What is Ballistic Stretching?
How Does this Form of Stretching Exercise affect Tendons?
How can a Stretching Exercise Prevent Tendon Injuries?
Elasticity of Tendons.
Will Stretching Ballistically Improve Performance?
type of stretching exercise involves bouncing into a range when the
muscle is not prepared or relaxed such that it can enter that range.
This exercise can be dangerous if done without supervision or training
by a professional.
Stretching to improve flexibility is a common practice amongst athletes both recreational and competitive. There are many studies that show joint range of motion improves with stretching exercises and many have looked at the different types of stretching. But, stretching doesn't just affect the muscle, it can affect the tendons as well.
Muscles and tendons behave differently depending on what type of sport
is taking place. The musculotendinous unit can create forces in two
that if a muscle is stretched immediately before it is shortened
concentrically, that the force generated is greater than a concentric
contraction alone. This is the result of energy being stored in the
elastic noncontractile elements of a musculotendinous unit. The
noncontractile, elastic component consists of the tendon, aponeurosis,
epi, endo, and perimysium, and other proteins at the level of the
sarcomere. The elastic structures store energy from mechanical work
during the eccentric contractions.
On the other hand, a more rigid tendon will more efficiently transfer force from the muscle to the bone and energy from metabolism will more efficiently be converted into mechanical work. So, activities such as swimming and cycling would benefit from more rigid tendons.
Tendons of those involved in jumping sports need a high capacity to store potential energy in the musculotendinous unit and therefore benefit from a more elastic tendon.
Tendon injuries occur in every sport, but more frequently in those
sports that require the eccentric contractions quickly followed by the
concentric contractions. (ie jumping) The more frequent these
movements, the higher the incidence of tendon injuries.(1,2)
Clearly individuals with a more compliant and elastic tendon would have less injuries.
Animal studies have shown that the elasticity of tendons can be changed
through stretching and human studies have shown that repetitive
stretches increase hamstring compliance. Stretching changes the
viscoelastic properties of the the musculotendinous unit.(3,4)
Research using Achilles tendons shows us that this type of stretching exercise will result in a significant reduction in Achilles stiffness; however, static stretching of the Achilles had no effect on Achilles tendon stiffness suggesting that both types of stretching could be beneficial in terms of training and physical therapy. (5)
It is likely that there is adaptation of the collagen fibers within the connective tissues of the musculotendinous unit due to the stretches. During this type of stretching exercise, because the muscle is contracted, a greater force is transmitted through the tendon since the muscle is stiffer.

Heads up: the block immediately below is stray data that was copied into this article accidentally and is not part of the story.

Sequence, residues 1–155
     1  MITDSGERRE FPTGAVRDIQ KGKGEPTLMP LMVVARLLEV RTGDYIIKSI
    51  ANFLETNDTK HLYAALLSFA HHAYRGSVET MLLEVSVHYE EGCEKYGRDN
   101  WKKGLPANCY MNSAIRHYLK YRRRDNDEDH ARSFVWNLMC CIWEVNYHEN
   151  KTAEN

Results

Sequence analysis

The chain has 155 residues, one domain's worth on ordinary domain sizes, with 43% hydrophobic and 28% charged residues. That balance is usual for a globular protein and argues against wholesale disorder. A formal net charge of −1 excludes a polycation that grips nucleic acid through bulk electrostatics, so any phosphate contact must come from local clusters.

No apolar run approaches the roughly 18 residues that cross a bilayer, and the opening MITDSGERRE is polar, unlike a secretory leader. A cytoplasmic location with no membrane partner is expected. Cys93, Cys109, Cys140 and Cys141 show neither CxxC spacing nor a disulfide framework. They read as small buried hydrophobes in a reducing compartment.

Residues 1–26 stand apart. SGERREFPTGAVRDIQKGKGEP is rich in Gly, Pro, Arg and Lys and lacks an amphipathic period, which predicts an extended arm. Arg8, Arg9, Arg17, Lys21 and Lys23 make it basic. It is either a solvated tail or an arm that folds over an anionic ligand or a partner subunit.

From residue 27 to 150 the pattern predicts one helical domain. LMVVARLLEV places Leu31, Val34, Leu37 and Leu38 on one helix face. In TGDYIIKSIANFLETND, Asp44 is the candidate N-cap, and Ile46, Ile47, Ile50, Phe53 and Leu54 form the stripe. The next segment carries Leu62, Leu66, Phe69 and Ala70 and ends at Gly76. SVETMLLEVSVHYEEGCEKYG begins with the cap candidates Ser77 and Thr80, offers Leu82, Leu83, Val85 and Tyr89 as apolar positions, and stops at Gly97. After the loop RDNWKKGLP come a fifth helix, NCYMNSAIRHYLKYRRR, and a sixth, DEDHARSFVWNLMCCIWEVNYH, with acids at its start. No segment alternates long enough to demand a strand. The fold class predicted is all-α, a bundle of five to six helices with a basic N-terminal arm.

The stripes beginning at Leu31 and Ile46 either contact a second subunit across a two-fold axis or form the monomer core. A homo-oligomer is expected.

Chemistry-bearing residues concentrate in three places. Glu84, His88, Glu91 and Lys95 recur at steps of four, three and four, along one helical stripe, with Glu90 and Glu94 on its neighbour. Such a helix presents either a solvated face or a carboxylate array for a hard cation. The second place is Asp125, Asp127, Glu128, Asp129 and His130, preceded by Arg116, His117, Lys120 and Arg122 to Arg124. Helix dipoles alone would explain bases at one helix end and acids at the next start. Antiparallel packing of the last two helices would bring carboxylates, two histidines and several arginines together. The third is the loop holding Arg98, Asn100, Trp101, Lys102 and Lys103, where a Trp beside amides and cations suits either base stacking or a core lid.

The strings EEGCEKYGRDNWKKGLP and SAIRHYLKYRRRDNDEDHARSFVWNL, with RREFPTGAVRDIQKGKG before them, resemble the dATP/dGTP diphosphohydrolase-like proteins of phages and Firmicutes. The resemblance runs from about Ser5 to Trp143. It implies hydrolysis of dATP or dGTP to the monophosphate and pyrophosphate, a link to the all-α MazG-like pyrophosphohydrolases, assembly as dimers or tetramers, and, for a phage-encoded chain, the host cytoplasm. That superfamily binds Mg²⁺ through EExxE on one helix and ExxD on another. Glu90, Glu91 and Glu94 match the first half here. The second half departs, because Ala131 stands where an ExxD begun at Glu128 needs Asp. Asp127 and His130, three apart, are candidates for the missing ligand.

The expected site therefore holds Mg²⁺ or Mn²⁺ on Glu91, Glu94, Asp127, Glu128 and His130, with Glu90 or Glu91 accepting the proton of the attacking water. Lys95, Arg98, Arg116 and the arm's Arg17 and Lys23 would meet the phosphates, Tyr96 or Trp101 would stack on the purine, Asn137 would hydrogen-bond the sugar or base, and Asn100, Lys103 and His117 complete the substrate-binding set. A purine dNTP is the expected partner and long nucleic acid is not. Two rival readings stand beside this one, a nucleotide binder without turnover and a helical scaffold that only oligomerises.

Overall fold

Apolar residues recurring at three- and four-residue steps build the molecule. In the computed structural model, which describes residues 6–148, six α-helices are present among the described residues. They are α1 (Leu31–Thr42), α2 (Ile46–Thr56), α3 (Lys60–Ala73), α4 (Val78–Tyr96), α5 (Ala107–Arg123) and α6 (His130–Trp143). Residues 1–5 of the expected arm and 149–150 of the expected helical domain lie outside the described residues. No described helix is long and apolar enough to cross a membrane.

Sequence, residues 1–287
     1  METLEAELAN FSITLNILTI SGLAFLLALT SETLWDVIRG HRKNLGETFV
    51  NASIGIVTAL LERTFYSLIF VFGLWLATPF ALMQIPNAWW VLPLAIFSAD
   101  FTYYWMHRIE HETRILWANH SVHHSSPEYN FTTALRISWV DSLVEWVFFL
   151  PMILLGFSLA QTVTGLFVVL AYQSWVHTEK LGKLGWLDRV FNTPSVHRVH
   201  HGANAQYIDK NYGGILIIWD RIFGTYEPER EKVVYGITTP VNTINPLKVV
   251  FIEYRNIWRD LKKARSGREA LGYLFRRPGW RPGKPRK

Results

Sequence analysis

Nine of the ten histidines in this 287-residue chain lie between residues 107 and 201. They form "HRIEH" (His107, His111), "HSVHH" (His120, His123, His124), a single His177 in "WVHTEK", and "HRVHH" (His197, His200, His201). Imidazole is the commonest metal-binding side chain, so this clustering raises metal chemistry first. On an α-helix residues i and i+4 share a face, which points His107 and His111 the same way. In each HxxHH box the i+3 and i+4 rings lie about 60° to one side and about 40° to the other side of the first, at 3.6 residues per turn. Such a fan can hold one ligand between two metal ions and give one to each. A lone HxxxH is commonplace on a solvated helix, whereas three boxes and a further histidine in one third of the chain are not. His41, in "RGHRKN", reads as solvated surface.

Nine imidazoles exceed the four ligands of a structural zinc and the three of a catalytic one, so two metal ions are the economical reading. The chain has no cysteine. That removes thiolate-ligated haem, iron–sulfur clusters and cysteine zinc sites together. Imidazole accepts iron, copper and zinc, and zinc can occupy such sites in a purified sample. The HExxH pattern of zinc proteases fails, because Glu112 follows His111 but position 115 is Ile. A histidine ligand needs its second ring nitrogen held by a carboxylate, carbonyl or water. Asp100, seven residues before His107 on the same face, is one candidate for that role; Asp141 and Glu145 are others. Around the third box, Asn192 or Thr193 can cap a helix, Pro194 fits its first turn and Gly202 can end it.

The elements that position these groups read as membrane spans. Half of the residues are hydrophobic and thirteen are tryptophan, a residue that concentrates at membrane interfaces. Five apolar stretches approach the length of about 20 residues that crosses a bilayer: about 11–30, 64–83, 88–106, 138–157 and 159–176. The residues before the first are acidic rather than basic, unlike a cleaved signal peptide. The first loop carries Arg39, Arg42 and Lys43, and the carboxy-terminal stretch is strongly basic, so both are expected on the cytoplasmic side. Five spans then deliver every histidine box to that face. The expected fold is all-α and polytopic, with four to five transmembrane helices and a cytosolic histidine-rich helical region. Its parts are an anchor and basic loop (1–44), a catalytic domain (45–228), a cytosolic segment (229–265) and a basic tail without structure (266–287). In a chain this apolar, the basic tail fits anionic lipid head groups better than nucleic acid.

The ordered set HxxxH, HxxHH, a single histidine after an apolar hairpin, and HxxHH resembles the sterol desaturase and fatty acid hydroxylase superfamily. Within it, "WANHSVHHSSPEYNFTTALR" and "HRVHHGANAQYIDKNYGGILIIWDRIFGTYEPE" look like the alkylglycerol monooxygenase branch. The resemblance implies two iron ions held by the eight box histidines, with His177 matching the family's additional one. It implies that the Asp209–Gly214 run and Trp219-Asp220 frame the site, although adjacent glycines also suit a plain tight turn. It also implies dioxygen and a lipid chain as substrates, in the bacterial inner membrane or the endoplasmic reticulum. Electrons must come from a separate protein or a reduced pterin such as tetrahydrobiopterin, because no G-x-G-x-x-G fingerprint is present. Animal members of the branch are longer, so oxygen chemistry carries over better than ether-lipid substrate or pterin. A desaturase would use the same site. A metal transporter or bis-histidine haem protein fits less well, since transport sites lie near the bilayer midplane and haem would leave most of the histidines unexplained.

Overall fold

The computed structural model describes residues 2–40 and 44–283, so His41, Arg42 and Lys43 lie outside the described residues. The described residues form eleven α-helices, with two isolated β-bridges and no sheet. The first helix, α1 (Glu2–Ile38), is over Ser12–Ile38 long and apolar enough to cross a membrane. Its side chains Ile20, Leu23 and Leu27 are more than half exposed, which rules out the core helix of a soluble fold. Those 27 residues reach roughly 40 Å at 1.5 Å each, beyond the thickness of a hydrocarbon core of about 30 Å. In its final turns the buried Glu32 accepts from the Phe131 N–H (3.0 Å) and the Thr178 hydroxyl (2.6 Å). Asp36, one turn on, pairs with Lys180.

A comparative study involving the stretching of hamstrings in 40 individuals between the age of 20 and 40 with tight hamstrings was done in 2010 and published in the British Journal of Sports Medicine. (4) Static stretching of hamstrings was compared to ballistic stretching over the course of six weeks. Results showed that after six weeks in this population ballistic stretching was better than static stretching in improving flexibility of the hamstrings.
While this type of stretching exercise can improve tendon elasticity,
there doesn't appear to be much evidence that if used prior to a
competition it will improve performance. Results of much research has
shown negative effects of static and proprioceptive neuromuscular
facilitative stretching prior to competition.
A study was published in the Journal of Strength and Conditioning Research that compared ballistic stretching to dynamic stretching in terms of jump height, force produced, and jump power. (6) 20 healthy male and female individuals between the age of 22 and 34 took part in a daily program of ballistic stretching and a program of dynamic stretching and were compared to a group that didn't stretch. Results showed that neither dynamic nor ballistic stretching resulted in increased vertical jump height, or force. Dynamic stretching did however improve jump power post stretch. (The force was generated more quickly)
1. Jozsa L, Kvist M, Balint JB, et al. The role of recreational sport activity in Achilles tendon rupture: a clinical , pathoanatomical and sociological study of 292 cases. Am J Sports Med 1989;17:338–43.
2. Lian O, Engebretsen L, Bahr R. Prevalence of jumper’s knee among elite athletes from different sports: a cross-sectional study. Am J Sports Med 2005;33:561–7.
3. Viidik A. Tensile strength properties of Achilles tendon systems in trained and untrained rabbits. Acta Orthopaedica Scandinavica 1969;40:261–72
4. C K Kishore Kumar1, Surajeet Chakrabarty A comparative study of static stretching versus ball istic stretching on the flexibility of the hamstring muscles of athletes Br J Sports Med 2010;44
5. Mahieu N, McNair P, De Muynck M, et al. Effect of static and ballistic stretchingon the muscle-tendon tissue properties. Med Sci Sports Ex, 2007.
6. Jaggers JR, Swank AM, Frost KL, Lee CD. The acute effects of dynamic and ball. stretching on vertical jump height, force, and power. J Strength Cond Res. 2008 Nov;22(6):1844-9.